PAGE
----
Israeli-Arab Negotiations: Background, Conflicts, and U.S. Policy [Updated August 4, 2006] [open pdf - 243KB]
"PA Chairman/President Yasir Arafat died on November 11, 2004; on January 9, 2005, Mahmud Abbas was elected to succeed him and seeks final status talks. Since Hamas, which Israel and the United States consider a terrorist group, won the January 2006 Palestinian parliamentary elections, however, the situation has been complicated. Israeli officials have offered ideas for unilateral disengagement from more of the West Bank, but not a fully developed plan. The U.S. Administration and others have urged them to negotiate first. The recent kidnapings of Israeli soldiers by Hamas and Hezbollah sparked conflicts in Gaza and Lebanon and cast new shadows on the prospects for future talks. Congress is interested in issues related to Middle East peace because of its oversight role in the conduct of U.S. foreign policy, its support for Israel, and keen constituent interest. It is especially concerned about U.S. financial and other commitments to the parties. Members have also repeatedly endorsed Jerusalem as the undivided capital of Israel, although U.S. Administrations have consistently maintained that the fate of the city is the subject of final status negotiations."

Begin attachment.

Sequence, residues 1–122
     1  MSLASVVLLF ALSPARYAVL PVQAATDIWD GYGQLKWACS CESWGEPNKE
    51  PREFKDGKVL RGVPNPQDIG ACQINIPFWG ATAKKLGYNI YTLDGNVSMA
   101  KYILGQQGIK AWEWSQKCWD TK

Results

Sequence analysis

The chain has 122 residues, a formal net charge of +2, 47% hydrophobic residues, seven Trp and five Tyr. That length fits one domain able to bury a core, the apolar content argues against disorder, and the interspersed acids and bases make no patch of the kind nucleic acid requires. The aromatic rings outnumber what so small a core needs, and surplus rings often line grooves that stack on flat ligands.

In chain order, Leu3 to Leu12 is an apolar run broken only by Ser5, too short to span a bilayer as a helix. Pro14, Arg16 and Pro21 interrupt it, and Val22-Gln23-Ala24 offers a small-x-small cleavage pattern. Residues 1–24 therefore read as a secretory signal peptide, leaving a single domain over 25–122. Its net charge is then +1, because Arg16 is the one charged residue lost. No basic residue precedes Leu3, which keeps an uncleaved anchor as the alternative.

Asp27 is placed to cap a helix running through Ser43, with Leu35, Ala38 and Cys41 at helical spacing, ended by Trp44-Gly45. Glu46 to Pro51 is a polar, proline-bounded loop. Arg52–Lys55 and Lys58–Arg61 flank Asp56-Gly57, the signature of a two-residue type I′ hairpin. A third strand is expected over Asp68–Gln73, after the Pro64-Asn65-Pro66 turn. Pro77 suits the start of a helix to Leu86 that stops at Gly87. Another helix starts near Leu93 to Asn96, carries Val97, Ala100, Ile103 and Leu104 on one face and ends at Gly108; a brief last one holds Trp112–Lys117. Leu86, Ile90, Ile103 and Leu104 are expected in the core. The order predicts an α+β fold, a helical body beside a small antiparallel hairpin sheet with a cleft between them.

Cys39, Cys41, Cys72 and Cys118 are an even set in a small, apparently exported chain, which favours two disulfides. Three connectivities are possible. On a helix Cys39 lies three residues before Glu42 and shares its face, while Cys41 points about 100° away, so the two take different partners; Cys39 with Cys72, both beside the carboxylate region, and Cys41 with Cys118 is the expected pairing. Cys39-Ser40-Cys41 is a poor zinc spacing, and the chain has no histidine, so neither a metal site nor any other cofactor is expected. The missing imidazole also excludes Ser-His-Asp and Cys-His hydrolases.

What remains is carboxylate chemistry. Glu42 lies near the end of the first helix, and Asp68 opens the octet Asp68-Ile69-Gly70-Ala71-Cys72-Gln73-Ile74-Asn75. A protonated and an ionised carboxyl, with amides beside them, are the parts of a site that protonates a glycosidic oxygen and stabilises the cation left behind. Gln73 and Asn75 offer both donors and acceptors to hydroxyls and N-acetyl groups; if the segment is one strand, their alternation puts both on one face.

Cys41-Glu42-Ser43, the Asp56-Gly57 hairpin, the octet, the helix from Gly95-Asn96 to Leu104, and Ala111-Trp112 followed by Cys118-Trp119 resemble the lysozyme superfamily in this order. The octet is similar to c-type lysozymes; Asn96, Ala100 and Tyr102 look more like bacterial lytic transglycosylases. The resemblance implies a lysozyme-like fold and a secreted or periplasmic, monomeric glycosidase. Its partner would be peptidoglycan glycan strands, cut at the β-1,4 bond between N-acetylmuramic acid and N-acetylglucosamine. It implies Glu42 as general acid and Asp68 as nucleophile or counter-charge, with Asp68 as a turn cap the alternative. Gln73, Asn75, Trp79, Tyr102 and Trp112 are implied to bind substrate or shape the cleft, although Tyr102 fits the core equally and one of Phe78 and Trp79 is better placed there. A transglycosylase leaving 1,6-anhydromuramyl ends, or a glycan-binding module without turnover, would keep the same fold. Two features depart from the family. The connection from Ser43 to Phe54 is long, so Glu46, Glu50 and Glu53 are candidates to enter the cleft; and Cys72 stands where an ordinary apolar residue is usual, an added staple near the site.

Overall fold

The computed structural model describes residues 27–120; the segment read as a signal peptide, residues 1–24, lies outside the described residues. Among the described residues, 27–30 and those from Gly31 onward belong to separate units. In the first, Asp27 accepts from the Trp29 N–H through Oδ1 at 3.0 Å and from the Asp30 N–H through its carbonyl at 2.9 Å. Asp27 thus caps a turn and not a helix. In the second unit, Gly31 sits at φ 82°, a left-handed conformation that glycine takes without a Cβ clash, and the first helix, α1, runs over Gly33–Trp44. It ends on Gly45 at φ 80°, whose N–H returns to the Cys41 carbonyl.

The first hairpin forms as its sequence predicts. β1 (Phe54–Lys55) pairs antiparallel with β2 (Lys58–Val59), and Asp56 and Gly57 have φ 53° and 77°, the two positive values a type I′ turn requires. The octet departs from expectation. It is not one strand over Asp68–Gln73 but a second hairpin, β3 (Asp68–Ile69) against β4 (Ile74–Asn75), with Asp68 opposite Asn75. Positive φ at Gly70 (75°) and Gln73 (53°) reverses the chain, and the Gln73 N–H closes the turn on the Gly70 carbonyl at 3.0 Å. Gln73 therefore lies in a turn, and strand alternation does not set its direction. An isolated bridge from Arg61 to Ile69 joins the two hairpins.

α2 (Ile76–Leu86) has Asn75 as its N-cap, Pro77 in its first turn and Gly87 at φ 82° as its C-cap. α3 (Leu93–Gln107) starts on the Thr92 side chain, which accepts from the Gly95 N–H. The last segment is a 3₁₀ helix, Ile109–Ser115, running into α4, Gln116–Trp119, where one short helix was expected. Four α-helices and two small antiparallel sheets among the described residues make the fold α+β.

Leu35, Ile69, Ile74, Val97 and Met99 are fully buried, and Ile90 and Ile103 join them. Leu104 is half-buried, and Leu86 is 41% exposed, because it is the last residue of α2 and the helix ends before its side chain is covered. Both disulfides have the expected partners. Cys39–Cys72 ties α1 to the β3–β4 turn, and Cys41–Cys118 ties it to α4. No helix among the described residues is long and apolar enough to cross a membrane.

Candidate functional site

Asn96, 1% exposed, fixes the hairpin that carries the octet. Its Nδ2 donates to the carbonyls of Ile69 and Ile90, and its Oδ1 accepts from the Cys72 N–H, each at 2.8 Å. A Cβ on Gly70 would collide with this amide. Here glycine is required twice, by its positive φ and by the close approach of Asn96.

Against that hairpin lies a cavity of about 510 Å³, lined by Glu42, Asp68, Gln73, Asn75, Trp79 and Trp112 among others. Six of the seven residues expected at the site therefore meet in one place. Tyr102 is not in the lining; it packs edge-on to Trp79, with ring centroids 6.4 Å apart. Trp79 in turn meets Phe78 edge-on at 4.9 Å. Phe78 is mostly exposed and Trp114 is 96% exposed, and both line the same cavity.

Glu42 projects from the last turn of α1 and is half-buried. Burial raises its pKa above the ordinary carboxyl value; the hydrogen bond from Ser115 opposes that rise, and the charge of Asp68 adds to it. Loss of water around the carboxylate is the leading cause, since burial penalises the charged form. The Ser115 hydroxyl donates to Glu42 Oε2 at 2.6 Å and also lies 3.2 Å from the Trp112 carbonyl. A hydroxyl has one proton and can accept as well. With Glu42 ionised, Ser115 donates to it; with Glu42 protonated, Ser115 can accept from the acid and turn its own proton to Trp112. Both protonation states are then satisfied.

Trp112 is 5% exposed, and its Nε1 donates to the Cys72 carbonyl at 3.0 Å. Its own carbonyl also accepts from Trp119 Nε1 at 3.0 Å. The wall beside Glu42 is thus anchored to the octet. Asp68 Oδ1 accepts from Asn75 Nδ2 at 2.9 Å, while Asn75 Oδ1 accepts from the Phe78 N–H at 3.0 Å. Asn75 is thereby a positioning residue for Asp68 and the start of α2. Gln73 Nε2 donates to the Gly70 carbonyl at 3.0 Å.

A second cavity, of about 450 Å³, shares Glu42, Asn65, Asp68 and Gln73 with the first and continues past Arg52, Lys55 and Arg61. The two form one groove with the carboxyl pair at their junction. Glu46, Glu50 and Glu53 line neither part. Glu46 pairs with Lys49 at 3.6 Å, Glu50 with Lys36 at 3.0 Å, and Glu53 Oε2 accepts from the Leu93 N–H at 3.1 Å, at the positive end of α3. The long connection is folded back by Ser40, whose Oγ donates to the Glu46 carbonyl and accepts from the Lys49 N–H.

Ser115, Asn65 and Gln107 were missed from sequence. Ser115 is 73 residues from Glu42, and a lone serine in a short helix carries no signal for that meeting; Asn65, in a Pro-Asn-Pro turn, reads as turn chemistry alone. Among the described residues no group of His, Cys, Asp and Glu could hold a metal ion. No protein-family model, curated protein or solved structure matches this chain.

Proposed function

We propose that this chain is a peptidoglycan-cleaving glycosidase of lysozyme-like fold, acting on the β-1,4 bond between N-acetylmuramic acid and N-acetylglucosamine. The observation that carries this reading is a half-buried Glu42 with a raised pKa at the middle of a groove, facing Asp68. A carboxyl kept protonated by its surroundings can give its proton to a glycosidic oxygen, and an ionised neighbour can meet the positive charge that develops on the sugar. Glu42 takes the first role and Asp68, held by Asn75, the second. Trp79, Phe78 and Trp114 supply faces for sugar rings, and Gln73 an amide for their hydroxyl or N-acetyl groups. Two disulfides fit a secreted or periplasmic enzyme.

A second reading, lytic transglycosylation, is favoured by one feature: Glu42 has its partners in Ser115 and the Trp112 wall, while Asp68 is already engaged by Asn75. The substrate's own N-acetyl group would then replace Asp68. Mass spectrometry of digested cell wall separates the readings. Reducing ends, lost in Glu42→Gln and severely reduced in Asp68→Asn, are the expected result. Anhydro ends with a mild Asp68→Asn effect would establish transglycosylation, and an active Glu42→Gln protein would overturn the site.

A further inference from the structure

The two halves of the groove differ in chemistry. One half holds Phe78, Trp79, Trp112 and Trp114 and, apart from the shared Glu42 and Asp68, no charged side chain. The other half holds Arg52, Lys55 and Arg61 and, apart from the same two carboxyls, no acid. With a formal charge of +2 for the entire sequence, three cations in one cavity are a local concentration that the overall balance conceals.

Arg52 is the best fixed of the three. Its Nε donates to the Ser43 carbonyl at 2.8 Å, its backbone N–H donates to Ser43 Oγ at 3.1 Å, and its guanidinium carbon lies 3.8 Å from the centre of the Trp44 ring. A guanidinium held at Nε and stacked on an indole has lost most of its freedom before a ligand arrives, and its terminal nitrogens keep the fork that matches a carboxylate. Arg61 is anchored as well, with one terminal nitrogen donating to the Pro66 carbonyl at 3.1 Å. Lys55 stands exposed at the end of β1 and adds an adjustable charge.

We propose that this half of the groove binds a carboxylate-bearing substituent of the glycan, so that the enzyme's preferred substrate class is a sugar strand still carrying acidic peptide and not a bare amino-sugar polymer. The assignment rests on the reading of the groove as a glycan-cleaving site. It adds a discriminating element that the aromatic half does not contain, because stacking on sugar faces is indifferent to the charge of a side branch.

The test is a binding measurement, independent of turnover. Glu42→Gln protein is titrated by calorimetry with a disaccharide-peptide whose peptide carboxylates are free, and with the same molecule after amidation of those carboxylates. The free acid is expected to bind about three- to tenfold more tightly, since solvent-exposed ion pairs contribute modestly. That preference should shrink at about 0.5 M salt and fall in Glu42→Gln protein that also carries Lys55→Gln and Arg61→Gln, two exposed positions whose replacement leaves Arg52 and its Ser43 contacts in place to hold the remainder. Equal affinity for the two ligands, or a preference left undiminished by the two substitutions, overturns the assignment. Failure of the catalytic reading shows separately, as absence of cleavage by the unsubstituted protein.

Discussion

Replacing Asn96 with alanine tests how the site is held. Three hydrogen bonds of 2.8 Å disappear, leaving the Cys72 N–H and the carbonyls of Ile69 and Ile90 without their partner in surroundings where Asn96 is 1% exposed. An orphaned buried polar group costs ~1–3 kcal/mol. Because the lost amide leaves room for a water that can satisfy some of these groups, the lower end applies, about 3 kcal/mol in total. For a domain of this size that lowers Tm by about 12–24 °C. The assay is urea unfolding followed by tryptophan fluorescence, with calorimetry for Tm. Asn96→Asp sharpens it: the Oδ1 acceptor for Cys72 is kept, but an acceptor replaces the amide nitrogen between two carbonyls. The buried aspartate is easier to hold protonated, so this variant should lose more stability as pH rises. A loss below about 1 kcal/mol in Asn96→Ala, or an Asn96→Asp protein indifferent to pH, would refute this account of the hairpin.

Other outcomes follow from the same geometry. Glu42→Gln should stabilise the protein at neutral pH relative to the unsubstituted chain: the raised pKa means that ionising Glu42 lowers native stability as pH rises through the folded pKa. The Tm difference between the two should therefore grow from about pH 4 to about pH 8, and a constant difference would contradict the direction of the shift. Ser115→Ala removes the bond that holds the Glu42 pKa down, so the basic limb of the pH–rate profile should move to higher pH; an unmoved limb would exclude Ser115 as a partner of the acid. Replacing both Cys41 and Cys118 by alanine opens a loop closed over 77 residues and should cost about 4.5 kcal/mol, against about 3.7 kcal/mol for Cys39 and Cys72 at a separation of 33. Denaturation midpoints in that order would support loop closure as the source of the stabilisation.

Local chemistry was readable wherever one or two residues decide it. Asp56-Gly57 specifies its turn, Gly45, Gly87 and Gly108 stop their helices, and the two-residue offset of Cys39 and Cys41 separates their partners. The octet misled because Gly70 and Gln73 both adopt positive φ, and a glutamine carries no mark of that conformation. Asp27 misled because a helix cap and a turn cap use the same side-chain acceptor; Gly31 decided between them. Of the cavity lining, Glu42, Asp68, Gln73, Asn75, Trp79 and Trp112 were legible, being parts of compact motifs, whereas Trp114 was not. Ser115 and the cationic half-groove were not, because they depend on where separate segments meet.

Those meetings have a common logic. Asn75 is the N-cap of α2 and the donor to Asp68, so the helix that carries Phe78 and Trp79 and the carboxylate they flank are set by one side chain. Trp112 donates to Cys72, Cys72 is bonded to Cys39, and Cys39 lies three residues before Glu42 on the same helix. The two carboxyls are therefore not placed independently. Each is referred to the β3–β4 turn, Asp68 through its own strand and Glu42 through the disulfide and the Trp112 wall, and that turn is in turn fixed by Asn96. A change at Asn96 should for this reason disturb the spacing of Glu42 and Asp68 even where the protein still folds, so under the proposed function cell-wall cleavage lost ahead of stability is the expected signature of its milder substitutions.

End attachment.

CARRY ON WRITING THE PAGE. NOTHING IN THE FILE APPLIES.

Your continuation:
CRS Report for Congress, RL33530